Rather than worrying about super-intelligence, we need to focus on the ethical issues about how we should be using this technology. Should it be used to recognise the faces of students who are protesting against the Citizenship (Amendment) Act? Should India install cameras and systems like China has? These are the types of questions the country needs to be asking.

Vivek Wadhwa is a distinguished fellow and professor, Carnegie Mellon University’s College of Engineering, Silicon Valley.

This article was republished with permission from the author.


Sankara Taps AI in Blindness Campaign

Long lines in front of eye doctors’ clinics do not include children who have never complained that they can’t see.

They are blind, and they don’t know it. Their world has always been hazy. They have never seen it any other way. Thousands of others are silently turning blind with diabetes, and don’t even know it. The challenge to help these people increases manifold when they are in remote areas, where no specialized treatment can reach them.

It is in cases like these, when a mere selfie can alert the doctors of impending visual problems, that Dr. Kaushik Murali, an  ophthalmologist/ eye surgeon at Sankara Eye Hospital Bangalore, is hoping artificial intelligence can be the answer. The problem, if nipped in the bud, can save the vision of the child or a diabetic individual.

Murali and his team have annotated 8,000 retinal scan pictures, including a range of people with vision problems resulting from diabetes. This will help identify the beginnings of this specific cause of blindness, a disease called diabetic retinopathy. ROP is caused by type-two diabetes. They are training the algorithm to identify key markers of diabetic retinopathy, such as nerve tissue damage, swelling, and hemorrhaging. The disease creates lesions in the back of the retina that can lead to total blindness. “Today the algorithm has 98 percent capability of identifying any patient who has a ROP change,” said Murali.

Seventy million people have diabetes in India and 18 percent of diabetic Indians already have the ailment, according to the International Diabetes Federation. By 2045, India is projected to have 134 million cases, making India the country with the most number of diabetics,

Many diabetic patients assume that early signs of the disease are simply minor vision problems. Some don’t even know they are diabetic. In these cases, where blindness often is preventable if diabetic retinopathy is caught early, loss of vision is unnecessary. Medications, therapies, exercise, and a healthy diet are highly effective treatments for preventing further damage if the disease is diagnosed early enough,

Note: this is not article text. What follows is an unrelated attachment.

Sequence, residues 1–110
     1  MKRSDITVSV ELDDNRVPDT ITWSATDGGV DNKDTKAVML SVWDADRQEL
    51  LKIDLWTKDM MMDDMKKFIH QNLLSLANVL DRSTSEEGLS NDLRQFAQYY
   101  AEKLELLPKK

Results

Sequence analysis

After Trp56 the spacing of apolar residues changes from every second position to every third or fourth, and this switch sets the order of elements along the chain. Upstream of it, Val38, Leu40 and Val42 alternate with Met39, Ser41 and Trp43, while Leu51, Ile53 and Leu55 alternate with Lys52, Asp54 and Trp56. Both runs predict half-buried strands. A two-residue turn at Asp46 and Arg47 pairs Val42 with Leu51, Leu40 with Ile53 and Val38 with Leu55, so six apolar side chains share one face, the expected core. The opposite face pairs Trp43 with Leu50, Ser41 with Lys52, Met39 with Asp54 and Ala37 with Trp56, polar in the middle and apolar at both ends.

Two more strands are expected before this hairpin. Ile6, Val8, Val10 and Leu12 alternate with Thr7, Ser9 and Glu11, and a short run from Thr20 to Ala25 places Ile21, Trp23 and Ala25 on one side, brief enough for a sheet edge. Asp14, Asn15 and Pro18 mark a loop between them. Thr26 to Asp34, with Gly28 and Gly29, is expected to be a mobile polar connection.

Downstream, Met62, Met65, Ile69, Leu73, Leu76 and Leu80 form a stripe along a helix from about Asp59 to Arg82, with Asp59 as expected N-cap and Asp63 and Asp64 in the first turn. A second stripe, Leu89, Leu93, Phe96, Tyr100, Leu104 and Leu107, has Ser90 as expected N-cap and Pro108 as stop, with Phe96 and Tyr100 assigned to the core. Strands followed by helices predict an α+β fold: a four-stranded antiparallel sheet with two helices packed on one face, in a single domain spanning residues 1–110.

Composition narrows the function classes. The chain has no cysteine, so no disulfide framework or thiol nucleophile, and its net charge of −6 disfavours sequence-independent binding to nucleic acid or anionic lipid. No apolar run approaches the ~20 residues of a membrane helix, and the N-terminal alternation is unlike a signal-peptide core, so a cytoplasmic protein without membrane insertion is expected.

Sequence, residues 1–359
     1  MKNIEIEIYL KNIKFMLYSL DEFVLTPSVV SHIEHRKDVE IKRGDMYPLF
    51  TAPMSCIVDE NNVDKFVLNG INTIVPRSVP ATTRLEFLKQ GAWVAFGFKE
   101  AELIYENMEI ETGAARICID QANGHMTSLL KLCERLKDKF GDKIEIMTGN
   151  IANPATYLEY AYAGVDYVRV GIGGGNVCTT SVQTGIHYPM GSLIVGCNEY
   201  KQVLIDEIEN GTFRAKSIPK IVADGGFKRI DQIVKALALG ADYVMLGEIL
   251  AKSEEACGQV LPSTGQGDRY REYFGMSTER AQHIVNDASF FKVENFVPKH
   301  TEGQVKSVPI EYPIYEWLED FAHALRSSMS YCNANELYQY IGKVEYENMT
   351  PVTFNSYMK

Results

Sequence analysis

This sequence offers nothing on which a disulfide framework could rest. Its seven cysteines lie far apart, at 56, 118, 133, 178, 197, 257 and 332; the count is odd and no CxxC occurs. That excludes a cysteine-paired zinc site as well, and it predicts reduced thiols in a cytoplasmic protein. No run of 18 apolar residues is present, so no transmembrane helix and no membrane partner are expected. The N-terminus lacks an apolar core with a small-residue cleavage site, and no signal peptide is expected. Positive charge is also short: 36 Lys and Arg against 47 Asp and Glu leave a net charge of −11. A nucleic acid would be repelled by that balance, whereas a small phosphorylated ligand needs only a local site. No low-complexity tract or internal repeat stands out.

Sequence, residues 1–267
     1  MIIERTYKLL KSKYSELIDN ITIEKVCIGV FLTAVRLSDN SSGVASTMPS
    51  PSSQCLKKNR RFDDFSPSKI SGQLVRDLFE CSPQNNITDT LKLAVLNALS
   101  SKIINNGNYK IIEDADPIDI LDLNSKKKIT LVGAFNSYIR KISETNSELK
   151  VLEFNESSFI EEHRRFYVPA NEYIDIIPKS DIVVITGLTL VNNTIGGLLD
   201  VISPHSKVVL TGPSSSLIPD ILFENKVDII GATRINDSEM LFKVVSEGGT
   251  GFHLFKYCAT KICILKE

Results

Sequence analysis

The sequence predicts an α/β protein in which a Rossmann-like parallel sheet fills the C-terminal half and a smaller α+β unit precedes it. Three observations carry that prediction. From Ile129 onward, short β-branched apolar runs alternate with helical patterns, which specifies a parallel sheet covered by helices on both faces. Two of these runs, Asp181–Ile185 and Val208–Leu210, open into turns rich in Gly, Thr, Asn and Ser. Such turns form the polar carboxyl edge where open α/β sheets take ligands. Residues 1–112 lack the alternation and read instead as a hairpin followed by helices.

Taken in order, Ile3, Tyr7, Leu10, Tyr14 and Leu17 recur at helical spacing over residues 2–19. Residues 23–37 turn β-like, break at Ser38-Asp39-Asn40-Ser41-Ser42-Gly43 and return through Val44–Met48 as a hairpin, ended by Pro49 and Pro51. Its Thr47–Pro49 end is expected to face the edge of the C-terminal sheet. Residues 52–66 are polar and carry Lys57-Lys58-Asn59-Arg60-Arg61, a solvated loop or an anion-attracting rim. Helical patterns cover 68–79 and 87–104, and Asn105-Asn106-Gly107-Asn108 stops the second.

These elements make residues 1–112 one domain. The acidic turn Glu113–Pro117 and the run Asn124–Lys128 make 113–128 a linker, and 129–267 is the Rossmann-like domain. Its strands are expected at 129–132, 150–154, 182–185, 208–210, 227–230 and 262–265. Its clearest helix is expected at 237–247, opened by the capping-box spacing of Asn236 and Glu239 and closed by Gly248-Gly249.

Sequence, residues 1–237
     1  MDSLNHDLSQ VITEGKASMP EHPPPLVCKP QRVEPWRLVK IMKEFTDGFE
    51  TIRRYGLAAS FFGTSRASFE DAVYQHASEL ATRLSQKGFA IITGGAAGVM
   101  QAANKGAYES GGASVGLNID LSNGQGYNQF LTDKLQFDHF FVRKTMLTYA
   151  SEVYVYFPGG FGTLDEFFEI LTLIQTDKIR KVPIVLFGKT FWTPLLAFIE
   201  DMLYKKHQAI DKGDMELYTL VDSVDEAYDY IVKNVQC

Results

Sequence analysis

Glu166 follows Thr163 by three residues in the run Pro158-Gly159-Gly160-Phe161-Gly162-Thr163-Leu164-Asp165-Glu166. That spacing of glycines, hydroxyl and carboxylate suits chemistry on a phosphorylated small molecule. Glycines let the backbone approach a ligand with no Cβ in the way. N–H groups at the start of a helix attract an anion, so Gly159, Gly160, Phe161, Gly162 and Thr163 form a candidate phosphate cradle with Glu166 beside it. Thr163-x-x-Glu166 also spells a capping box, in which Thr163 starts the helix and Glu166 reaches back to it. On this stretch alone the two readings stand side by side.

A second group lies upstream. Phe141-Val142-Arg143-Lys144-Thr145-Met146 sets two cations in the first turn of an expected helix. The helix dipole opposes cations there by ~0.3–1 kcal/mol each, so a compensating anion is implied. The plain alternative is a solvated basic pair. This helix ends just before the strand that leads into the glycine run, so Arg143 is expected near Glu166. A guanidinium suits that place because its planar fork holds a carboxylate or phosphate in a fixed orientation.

The system is trained by deep learning. The program’s diagnosis for each image is compared with that of the ophthalmological panel and the parameters of the function are adjusted to reduce the error margin for each image. This process is repeated for each image until the program can make an accurate diagnosis based on the intensity of pixels in the retinal image. The results are extremely encouraging. The algorithm showed similar — in fact slightly better — levels of sensitivity and specificity as a panel of ophthalmologists.

A similar campaign is spearheading the cause of preventing blindness in children. A lazy eye will be quickly caught by the machine and preemptive action planned.

Ritu Marwah is an award winning author, chef, debate coach, and mother of two boys. She lives in the bay area and  has deep experience in Silicon Valley start-ups as well as large corporations as a senior executive.

Don’t Believe the Hype About AI

To borrow a punch line from Duke professor Dan Ariely, artificial intelligence is like teenage sex: “Everyone talks about it, nobody really knows how to do it, everyone thinks everyone else is doing it, so everyone claims they are doing it.” Even though AI systems can now learn a game and beat champions within hours, they are hard to apply to business applications.

M.I.T. Sloan Management Review and Boston Consulting Group surveyed 3,000 business executives and found that while 85 percent of them believed AI would provide their companies with a competitive advantage, only one in 20 had “extensively” incorporated it into their offerings or processes. The challenge is that implementing AI isn’t as easy as installing software. It requires expertise, vision, and information that isn’t easily accessible.